As a result of the COVID-19 pandemic and the confinement measures imposed in response, holding safe, effective, and timely democratic elections has become increasingly challenging. The risk of disenfranchising large parts of the electorate is real and should be prevented. In these difficult circumstances, governments need to increase their efforts to guarantee that every voter can exercise their right to vote.

    Oct 30, 2020

  • A man wearing a protective mask due to COVID-19 pandemic holds a sign outside Madison Square Garden, which is used as a polling station, on the first day of early voting in Manhattan, New York, October 24, 2020, photo by Jeenah Moon/Reuters

    Report

    Do Americans Expect Safe and Secure Elections?

    The number of Americans who expect the election to be conducted safely declined slightly from May to August, from 62 to 60 percent. And the percentage of survey respondents expecting their vote to be accurately counted declined from 59 percent to 54 percent.

    Oct 29, 2020

  • Voters wait in line to cast ballots on the first day of early voting in New City, a New York City suburb, New York, October 24, 2020, photo by Mike Segar/Reuters

    Report

    How Is the Pandemic Influencing Intention to Vote?

    Changes in intention to vote and intended voting method were modest from May to August but notable nonetheless. Those with low perceptions of safety were among the least likely to vote. And among those likely to vote, there was a continued shift toward mail-in voting.

    Oct 29, 2020

  • Report

    Report

    Voter Attitudes Toward the 2020 Election: August 2020 Update

    This appendix provides additional methodological and research material for two reports that summarize results of an August 2020 survey of Americans' attitudes about voting in November 2020. The August survey is a follow-up to one conducted in May.

    Oct 29, 2020

  • Blog

    Truth Decay, Opioid Settlement Funds, Veterans Health Care: RAND Weekly Recap

    This weekly recap focuses on fighting back against Truth Decay, how to spend opioid settlement funds, China's lack of friends, and more.

    Oct 23, 2020

  • An election worker places mail-in ballots into a voting box at a drive-through drop off location in San Diego, California, October 19, 2020, photo by Mike Blake/Reuters

    Commentary

    Ensuring the Safety and Integrity of the Vote

    The COVID-19 pandemic has thrown the U.S. election into disarray coming on top of disruptions to traditional campaigning and the increased burden on election officials. Still, with careful planning, the election can be held with integrity, while keeping the American electorate safe. But it will require everyone to help.

    Oct 23, 2020

  • A compass pointing to facts, image by frankpeters/Getty Images

    Commentary

    Think Tanks in the Era of Truth Decay

    Truth Decay is the diminishing role of facts and analysis in American public life, and it cuts much deeper than any political party or demographic. It's why nonpartisan think tanks like RAND are as important now as they have ever been.

    Oct 22, 2020

  • Blog

    Russian Propaganda, Domestic Terrorism, America's Electric Grid: RAND Weekly Recap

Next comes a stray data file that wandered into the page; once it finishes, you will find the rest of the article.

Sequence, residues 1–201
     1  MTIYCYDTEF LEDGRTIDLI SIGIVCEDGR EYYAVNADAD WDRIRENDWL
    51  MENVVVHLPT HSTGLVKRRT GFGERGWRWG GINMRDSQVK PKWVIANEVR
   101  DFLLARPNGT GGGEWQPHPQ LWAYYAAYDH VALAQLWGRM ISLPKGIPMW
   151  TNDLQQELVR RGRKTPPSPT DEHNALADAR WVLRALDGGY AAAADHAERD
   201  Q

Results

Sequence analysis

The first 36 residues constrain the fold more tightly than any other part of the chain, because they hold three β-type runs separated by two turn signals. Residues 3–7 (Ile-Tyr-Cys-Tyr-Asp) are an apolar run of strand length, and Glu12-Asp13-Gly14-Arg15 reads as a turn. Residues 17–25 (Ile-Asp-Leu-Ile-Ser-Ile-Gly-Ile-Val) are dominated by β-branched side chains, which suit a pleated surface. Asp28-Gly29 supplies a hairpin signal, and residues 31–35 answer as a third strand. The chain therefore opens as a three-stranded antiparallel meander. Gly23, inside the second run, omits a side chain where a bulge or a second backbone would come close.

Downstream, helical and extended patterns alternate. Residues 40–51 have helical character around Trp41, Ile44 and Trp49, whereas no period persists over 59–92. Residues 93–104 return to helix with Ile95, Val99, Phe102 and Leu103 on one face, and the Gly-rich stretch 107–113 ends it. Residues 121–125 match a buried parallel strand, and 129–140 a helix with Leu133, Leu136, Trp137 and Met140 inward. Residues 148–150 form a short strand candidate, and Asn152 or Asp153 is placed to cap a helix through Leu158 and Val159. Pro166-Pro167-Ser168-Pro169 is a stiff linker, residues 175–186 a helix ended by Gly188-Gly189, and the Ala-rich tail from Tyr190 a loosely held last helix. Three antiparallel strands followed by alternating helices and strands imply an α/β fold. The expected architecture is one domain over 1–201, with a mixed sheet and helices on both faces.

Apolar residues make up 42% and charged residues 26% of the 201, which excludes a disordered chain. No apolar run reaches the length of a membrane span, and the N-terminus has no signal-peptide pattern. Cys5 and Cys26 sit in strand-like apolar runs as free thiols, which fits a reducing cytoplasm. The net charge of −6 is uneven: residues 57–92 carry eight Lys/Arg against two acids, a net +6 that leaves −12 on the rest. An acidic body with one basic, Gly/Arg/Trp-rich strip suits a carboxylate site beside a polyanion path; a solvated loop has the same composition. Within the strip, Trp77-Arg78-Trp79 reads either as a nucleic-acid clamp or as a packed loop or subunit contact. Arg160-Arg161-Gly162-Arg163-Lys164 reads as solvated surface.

This weekly recap focuses on how Americans react to Russian memes on Facebook, the possibility of domestic terrorism during election season, protecting the U.S. electric grid, and more.

    Oct 16, 2020

  • News Release

    News Release

    Facebook Users May Spread Russian Propaganda Less Often When They Are Aware of Its Source

    Russian propaganda is hitting its mark on social media—generating strong partisan reactions that may help intensify political divisions—but Facebook users are less apt to press the “like” button on content when they learn that it is part of a foreign propaganda campaign.

    Oct 15, 2020

  • Laptop depicting Russian propaganda on Facebook with a bullseye mark, images by guteksk7, iiierlok_xolms, carmelod, and FishPouch/Adobe Stock

    Report

    Facebook Users May Spread Russian Propaganda Less Often If They Know Its Source

    Russian propaganda is hitting its mark on social media, generating strong partisan reactions that help intensify political divisions. But Facebook users are less apt to press the like button on content when they learn that it is part of a foreign propaganda campaign.

    Oct 15, 2020

  • News Release

    News Release

    Coordinated Efforts on Twitter to Interfere in the U.S. Presidential Election Are Likely Foreign

    A coordinated effort on Twitter to influence the upcoming U.S. presidential election—using trolls (fake personas that spread hyper-partisan themes) and super-connectors (highly-networked accounts)—aims to sow distrust, exacerbate political divisions and undermine confidence in American democracy.

    Oct 8, 2020

  • Overlapping silhouettes of mobile phone users, illustration by smartboy10/Getty Images

    Report

    Foreign Actors Are Again Using Twitter to Interfere with the U.S. Election

    After the 2016 U.S. election it became clear that Russian agents had engaged in online efforts to sow chaos and inflame partisan divides among Americans. Interference is happening again now. It includes posts from trolls—fake personas spreading hyper-partisan themes—and superconnectors designed to spread messages quickly.

    Oct 8, 2020